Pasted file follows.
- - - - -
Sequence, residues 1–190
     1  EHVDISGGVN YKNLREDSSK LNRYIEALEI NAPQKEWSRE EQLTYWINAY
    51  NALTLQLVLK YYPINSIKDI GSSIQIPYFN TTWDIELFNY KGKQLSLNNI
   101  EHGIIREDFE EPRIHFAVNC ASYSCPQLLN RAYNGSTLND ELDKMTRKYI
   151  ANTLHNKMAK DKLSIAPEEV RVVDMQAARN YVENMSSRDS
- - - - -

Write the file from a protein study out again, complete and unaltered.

Sequence, residues 1–190
     1  EHVDISGGVN YKNLREDSSK LNRYIEALEI NAPQKEWSRE EQLTYWINAY
    51  NALTLQLVLK YYPINSIKDI GSSIQIPYFN TTWDIELFNY KGKQLSLNNI
   101  EHGIIREDFE EPRIHFAVNC ASYSCPQLLN RAYNGSTLND ELDKMTRKYI
   151  ANTLHNKMAK DKLSIAPEEV RVVDMQAARN YVENMSSRDS